MIAMI (AP) — A man on trial in the slaying of Washington Redskins star safety Sean Taylor admitted to breaking into the NFL player's home, kicking down the bedroom door and shooting Taylor, and drew a detailed diagram of the house, labeling himself as the shooter, according to a videotaped confession played for the jury Thursday.
Defendant Eric Rivera Jr. wasn't handcuffed but came willingly to talk to authorities in Fort Myers in November 2007, a Miami-Dade police detective testified. At first, the now 23-year-old, told investigators he stayed home all weekend and maybe caught a movie with his girlfriend. As authorities pressed, he said he had a bad memory and that everything was foggy, said lead investigator Juan Segovia.
When authorities walked another defendant by the room where Rivera was being questioned, Rivera grew noticeably anxious, Segovia said. He refused to make eye contact and kept rubbing his hands together. One of the detectives gave a moving speech, saying Taylor was an American hero who was doing nothing wrong but was at home sleeping with his baby and girlfriend when he was killed, Segovia said.
That's when Rivera's eyes grew teary and he nodded that he had been involved. Rivera and four co-defendants heard Taylor liked to keep a lot of cash around the house, maybe as much as $200,000. They thought Taylor would be with the Redskins at a game at Tampa Bay the night they broke into his house — but instead he was home with a knee injury, the detective said Rivera told him.
The plan was to "go in and get the money and leave," Rivera said in a videotaped confession played for the jury.
Rivera admitted driving the black SUV, parking in front of Taylor's home, hopping a concrete wall and using a crowbar to break into a back patio door. As they searched the home for money, they heard a noise, got spooked and ran back to the car. When they re-entered, Rivera said he kicked in Taylor's bedroom door.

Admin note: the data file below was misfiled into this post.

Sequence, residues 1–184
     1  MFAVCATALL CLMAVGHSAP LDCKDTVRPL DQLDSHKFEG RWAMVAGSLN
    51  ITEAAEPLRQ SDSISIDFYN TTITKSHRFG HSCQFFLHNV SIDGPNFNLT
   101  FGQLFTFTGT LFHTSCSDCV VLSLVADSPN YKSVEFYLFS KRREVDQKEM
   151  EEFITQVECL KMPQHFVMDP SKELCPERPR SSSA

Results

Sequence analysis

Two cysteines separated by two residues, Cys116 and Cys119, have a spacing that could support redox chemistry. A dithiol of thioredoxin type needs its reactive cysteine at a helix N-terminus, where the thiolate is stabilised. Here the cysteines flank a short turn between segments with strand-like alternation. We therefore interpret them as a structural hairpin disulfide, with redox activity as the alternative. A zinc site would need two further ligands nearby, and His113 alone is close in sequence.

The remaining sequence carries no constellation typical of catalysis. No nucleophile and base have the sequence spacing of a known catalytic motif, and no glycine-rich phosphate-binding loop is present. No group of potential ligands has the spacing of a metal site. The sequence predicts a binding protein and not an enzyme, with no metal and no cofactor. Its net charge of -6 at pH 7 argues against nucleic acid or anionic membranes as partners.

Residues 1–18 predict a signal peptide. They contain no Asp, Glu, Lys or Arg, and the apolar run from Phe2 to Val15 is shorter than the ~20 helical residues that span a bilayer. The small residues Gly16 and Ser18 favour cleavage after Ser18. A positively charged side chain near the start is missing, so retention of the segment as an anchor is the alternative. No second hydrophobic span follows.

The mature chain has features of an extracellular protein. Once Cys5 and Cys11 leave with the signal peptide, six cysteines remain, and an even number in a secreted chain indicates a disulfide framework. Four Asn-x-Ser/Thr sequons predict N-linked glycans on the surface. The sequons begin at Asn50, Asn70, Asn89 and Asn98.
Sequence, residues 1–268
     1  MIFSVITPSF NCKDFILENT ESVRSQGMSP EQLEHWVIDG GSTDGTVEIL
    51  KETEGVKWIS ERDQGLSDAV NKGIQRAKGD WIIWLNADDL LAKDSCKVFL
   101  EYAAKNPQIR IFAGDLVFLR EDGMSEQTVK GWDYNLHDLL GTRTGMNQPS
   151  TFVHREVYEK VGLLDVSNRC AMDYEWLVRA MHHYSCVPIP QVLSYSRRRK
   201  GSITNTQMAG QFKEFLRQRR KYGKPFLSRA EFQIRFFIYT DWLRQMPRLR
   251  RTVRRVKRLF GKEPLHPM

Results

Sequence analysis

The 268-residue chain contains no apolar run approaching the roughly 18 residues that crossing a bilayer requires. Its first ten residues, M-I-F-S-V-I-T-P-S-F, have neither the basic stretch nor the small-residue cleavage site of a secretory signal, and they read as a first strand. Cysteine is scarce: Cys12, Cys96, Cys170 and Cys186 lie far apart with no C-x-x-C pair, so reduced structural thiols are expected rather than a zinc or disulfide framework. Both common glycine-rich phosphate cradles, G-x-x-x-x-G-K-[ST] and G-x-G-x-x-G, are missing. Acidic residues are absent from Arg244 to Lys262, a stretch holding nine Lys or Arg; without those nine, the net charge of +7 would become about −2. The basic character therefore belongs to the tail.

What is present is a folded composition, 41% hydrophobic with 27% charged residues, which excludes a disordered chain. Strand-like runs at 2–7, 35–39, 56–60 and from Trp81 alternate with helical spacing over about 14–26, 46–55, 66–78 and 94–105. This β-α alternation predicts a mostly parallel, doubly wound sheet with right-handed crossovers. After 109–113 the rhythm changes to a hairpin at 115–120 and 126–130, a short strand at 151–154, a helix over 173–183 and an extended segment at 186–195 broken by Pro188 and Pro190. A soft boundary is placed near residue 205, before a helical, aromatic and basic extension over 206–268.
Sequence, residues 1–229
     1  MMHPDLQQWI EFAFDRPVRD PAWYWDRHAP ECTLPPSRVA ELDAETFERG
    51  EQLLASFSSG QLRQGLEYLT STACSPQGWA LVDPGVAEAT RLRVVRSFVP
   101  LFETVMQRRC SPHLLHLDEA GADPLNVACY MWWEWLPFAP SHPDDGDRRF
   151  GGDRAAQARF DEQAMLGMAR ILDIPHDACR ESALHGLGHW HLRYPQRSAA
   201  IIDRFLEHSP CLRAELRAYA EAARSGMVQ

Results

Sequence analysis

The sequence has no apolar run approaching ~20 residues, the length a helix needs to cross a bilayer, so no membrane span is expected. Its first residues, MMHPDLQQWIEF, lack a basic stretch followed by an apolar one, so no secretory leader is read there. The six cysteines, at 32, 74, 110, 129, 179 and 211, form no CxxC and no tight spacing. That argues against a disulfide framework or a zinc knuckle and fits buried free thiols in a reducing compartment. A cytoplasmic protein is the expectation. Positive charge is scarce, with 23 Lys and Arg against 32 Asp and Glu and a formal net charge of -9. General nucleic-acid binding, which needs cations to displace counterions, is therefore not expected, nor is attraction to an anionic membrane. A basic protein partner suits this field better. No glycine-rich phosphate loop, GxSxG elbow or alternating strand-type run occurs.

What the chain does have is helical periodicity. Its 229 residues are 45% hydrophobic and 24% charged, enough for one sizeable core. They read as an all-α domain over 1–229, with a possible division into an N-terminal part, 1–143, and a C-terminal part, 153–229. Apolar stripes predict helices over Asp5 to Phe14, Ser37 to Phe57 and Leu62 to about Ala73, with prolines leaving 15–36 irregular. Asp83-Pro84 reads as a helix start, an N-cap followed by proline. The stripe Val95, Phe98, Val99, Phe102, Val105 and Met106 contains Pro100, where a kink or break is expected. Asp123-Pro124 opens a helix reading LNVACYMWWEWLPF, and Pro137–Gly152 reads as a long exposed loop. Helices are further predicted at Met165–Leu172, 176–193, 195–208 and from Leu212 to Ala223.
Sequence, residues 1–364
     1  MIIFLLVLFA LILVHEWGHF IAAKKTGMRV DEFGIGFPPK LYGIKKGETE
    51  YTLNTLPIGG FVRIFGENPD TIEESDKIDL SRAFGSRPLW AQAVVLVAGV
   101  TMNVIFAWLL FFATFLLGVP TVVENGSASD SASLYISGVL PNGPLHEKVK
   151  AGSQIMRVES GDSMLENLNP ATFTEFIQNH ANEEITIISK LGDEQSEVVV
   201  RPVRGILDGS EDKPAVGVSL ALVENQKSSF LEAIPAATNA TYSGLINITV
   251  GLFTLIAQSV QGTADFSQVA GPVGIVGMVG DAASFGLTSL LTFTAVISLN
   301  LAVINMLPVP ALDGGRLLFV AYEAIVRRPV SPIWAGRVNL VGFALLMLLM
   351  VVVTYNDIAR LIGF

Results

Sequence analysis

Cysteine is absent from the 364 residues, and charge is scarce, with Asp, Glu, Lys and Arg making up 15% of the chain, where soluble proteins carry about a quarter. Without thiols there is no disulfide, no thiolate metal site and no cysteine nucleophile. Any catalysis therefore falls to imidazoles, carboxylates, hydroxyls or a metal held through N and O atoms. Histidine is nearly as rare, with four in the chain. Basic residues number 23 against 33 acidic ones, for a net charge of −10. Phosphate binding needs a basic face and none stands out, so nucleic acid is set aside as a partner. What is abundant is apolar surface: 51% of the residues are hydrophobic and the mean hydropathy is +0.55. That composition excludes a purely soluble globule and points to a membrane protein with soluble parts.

"He was like 2 feet away, got something in his hand and that's when I shot," he said.
Rivera told detectives he didn't think anyone would be home and didn't realize Taylor was the one he'd shot. In the video, Rivera, who has long hair and is seated next to an American flag, shows little emotion and often gives one-word answers.
Jackie Garcia, Taylor's girlfriend, who was also inside the bedroom, became noticeably upset as the detective recounted details of the slaying and rested her head on her knees in court. She sat near several members of Taylor's family, including his father, Florida City Police Chief Pedro Taylor, in the packed Miami-Dade County courtroom.
Taylor was shot in the upper thigh, which severed his femoral artery. The former University of Miami star had a machete in his hand, and Garcia and their infant daughter were also in the bedroom, though they were not hurt. Taylor died the next day from massive blood loss. The 24-year-old was a Pro Bowl safety for the Redskins who had previously been a popular, locally grown star at the University of Miami.
"He knew he hit him in the area of the leg. He said the victim fell very rapidly and very hard," Segovia said.
After the shooting, Rivera said he shot through a glass door so he could escape quickly. The group jumped back into the SUV and as they drove across an interstate known as Alligator Alley, they wiped off the gun, stuffed it into a sock and threw it into the Everglades, according to the confession. Rivera said he burned his clothes when he got home.
The validity of a detailed, videotaped confession is the central question for jurors to decide in the first-degree murder trial.
The video shows Rivera waiving his rights to an attorney and remain silent. The detective also said Rivera turned down an offer to call his parents several times.
Rivera drew diagrams of the rooms and where everyone was at the time, labeling himself as a stick figure that shot Taylor, the detective said. He also said he was wearing the Nike Shox when he kicked in the door and seemed amused when investigators showed him a footprint lifted from the door, Segovia testified.
Rivera's attorney, Janese Caruthers, countered that Rivera was coerced into the confession by a team of investigators who had little evidence and was looking for someone to take the fall in a high-pressure case. He noted Rivera was brought in after being pulled over during a traffic stop and that officers did not go to his home and ask him parent's permission.
"In this case it was better not to have Mr. Rivera's father present during the interviews," Caruthers asked and the detective agreed. After the teen confessed, police called his father who came to the station.
But Segovia said Rivera "was very open, very relaxed ... he was eager to talk to us" and was given an hour-long pizza and soda break.
Because Rivera was 17 at the time of the crime, his maximum possible sentence if convicted is life in prison rather than the death penalty.
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